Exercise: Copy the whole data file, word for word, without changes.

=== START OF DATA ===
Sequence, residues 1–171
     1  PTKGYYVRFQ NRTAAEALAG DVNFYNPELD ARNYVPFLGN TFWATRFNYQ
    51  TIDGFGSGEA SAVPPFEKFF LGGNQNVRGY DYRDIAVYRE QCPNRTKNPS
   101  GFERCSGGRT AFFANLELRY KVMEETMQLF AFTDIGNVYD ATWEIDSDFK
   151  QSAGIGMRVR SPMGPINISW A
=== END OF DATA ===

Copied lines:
Sequence, residues 1–171
     1  PTKGYYVRFQ NRTAAEALAG DVNFYNPELD ARNYVPFLGN TFWATRFNYQ
    51  TIDGFGSGEA SAVPPFEKFF LGGNQNVRGY DYRDIAVYRE QCPNRTKNPS
   101  GFERCSGGRT AFFANLELRY KVMEETMQLF AFTDIGNVYD ATWEIDSDFK
   151  QSAGIGMRVR SPMGPINISW A